Iddamaldeniya SS, Thabrew MI, Wickramasinghe SM, Ratnatunge N, Thammitiyagodage MG, A long-term investigation of the anti-hepatocarcinogenic potential of an indigenous medicine comprised of Nigella sativa, Hemidesmus indicus and Smilax glabra. J. Carcinog. 9: 5-11 2006
 Thabrew MI, Mitry RR., Morsy MA, Hughesb RD, Cytotoxic effects of a decoction of Nigella sativa, Hemidesmus indicus and Smilax glabra on human hepatoma HepG2 cells. Life Sci. 77: 1319–1330, 2005
 Gardner PT, McPhail DB, Crozier A, Duthie GC, Electron spin resonance (ESR) spectroscopic assessment of the contribution of quercetin and other flavonols to the antioxidant capacity of red wines. J. Agric. Food Chem. 79: 1011-1014, 1999
 Galvez M, Martin CC, Houghton PJ, Ayuso MJ, Antioxidant activity of methanol extracts obtained from Plantago species. J. Agric. Food Chem. 53: 1927-1933, 2005
 Yuan JZ, Don DQ, Chen YJ, Li W, Kazuo K, Tamotsu N, Yao XS, Study on dihydroflavonol glycosides from Rhizome of Smilax glabra. J. China J. Chin. Mater. Med. 29: 867-870, 2004
 Chen T, Li JX, Cai Y, Xu Q, A flavonol glycoside from Smilax glabra. J. Chin. Chem. Lett. 13: 537 – 538, 2002
 Alleva R, Benassi MS, Pazzaglia L, Tomasetti M, Gellert N, Borghi B, Neuzil J, Piccib P, α-Tocopheryl succinate alters cell cycle distribution sensitizing human osteosarcoma cells to methotrexate-induced apoptosis. Cancer Letts. 232: 226–235, 2006
 Rytomaa M, Martins LM, Downward J, Involvement of FADD and caspase-8 signaling in detachment-induced apoptosis. Curr. Biol. 9: 1043–1046, 1999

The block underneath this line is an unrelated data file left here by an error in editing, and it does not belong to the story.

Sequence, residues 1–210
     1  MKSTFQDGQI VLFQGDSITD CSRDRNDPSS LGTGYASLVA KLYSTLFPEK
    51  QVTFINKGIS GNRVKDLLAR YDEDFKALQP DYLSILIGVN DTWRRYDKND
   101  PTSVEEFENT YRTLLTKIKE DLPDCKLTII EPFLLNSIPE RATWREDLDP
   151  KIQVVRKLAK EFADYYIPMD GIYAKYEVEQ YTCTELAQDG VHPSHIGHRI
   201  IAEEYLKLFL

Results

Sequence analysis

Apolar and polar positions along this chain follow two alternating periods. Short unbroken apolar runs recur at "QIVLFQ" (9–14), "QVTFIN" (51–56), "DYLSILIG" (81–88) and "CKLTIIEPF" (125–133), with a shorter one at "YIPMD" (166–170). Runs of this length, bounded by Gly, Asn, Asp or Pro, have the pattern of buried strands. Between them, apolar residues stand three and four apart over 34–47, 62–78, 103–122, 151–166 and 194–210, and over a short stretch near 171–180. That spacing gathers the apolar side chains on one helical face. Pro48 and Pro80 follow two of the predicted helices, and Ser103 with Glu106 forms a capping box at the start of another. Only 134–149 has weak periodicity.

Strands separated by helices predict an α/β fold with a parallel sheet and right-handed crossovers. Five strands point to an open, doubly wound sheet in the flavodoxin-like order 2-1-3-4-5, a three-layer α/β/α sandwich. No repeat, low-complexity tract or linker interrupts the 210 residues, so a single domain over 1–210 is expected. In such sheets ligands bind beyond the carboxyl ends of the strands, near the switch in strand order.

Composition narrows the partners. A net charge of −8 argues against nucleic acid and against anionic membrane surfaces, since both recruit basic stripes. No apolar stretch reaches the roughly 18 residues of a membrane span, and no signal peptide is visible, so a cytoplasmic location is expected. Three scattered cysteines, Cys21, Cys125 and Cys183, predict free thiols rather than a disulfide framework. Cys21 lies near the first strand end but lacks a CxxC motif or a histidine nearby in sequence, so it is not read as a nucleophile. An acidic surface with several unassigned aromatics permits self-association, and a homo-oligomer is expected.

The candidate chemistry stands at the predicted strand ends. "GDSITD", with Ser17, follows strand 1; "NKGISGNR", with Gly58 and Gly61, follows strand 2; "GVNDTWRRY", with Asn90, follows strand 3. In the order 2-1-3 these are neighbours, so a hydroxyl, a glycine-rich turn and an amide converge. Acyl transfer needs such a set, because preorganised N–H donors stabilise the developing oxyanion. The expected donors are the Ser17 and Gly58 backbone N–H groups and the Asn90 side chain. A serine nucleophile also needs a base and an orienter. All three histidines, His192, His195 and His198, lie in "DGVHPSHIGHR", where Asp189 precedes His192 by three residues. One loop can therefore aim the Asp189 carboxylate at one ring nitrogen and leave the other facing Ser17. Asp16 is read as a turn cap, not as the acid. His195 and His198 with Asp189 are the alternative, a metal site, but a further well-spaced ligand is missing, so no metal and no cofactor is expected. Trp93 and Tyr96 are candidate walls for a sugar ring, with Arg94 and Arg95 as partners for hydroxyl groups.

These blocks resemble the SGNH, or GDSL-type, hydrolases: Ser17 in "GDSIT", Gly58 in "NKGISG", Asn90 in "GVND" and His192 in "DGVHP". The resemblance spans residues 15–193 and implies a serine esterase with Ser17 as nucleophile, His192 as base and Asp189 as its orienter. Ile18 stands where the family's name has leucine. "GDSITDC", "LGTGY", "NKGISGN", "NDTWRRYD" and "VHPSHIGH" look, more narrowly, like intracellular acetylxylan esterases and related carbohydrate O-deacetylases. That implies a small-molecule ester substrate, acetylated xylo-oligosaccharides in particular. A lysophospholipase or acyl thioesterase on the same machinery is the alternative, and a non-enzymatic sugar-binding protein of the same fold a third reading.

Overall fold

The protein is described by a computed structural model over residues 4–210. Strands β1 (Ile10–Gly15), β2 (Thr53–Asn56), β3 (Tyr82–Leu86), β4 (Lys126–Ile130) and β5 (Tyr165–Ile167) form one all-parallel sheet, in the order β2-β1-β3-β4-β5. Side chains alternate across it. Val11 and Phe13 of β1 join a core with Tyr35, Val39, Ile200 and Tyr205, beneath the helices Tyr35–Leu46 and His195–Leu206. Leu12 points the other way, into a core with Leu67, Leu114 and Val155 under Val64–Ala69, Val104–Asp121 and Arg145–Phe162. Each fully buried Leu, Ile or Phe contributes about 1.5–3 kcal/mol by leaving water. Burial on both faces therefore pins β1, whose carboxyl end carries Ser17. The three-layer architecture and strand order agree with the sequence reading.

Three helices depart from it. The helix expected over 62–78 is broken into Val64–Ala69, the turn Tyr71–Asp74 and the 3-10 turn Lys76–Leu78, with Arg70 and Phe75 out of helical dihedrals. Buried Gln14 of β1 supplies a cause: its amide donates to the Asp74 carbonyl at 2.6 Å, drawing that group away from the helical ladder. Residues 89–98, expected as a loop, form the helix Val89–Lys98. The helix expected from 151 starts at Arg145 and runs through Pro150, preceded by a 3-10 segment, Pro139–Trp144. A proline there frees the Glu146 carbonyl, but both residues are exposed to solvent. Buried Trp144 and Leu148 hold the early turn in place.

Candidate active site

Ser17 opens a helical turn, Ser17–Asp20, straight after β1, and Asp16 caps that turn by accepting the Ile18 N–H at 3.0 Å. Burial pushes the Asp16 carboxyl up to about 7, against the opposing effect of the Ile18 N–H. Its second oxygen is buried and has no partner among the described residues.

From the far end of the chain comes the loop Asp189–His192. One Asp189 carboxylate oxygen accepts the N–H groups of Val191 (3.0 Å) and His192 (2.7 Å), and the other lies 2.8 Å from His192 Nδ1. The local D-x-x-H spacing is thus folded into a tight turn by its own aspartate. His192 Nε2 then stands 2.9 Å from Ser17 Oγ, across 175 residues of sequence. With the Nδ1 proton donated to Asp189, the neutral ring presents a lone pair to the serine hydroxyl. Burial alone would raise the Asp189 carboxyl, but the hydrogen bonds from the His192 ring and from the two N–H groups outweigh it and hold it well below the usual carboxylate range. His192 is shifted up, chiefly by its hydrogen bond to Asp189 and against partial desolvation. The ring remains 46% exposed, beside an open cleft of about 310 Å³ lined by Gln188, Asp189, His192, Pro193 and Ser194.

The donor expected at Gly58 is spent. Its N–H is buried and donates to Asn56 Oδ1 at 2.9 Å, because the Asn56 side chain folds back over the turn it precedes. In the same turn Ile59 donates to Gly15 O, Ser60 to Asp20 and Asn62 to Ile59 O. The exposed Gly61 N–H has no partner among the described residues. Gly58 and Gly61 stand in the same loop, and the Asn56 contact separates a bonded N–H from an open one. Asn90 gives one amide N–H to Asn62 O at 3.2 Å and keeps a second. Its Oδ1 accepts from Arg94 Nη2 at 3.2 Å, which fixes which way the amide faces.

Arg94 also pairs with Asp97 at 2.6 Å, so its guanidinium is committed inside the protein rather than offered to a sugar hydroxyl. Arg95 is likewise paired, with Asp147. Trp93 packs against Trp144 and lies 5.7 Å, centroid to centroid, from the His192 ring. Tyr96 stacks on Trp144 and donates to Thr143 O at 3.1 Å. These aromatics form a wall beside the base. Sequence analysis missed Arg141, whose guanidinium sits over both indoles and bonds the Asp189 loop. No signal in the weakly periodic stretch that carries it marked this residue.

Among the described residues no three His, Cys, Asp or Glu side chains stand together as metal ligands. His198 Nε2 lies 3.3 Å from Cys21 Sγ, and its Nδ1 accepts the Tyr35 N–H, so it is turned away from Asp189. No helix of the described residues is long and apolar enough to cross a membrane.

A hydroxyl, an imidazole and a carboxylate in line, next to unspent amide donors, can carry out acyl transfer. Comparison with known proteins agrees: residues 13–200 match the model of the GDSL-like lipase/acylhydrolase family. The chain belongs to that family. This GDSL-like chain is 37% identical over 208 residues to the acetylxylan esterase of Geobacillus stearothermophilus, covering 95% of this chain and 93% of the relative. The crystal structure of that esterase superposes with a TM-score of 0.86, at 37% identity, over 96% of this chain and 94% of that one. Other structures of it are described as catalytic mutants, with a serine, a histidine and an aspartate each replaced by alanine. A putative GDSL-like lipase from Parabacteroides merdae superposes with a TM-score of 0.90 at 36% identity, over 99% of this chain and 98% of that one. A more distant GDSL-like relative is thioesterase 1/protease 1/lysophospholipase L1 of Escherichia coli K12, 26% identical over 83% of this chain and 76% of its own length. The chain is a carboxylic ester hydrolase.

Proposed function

Puthalakath H, Villunger A, O’Reilly LA, Beaumont JG, Coultas L, Cheney RE, Huang DCS, Strasser A, Bmf: a proapoptotic BH3-only protein regulated by interaction with the myosin V actin motor complex, activated by anoikis. Science. 293: 1829– 1832, 2001
 Amano H, Yamagiwa M, Akao T, Mizuki E, Ohba M, Sakai H, A novel 29-kDa crystal protein from Bacillus thuringiensis induces caspase activation and cell death of jurkat T Cells. Biosci. Biotechnol. Biochem. 69: 2063-2072, 2005
 Chang L, Karin M, Mammalian MAP kinase signaling cascades. Nature. 410: 37–40, 2001
 Xia Z, Dickens M, Raingeaud J, Davis RJ, Greenberg ME, Opposing effects of ERK and JNK-p38 MAP kinases on apoptosis. Science. 270: 1326–1331, 1995
 Davidson B, Konstantinovsky S, Kleinberg L, Nguyen MTP, Bassarova A, Kvalheim G, Nesland JM, Reich R, The mitogen-activated protein kinases (MAPK) p38 and JNK are markers of tumor progression in breast carcinoma. Gynecol. Oncol. 20: 1-9, 2006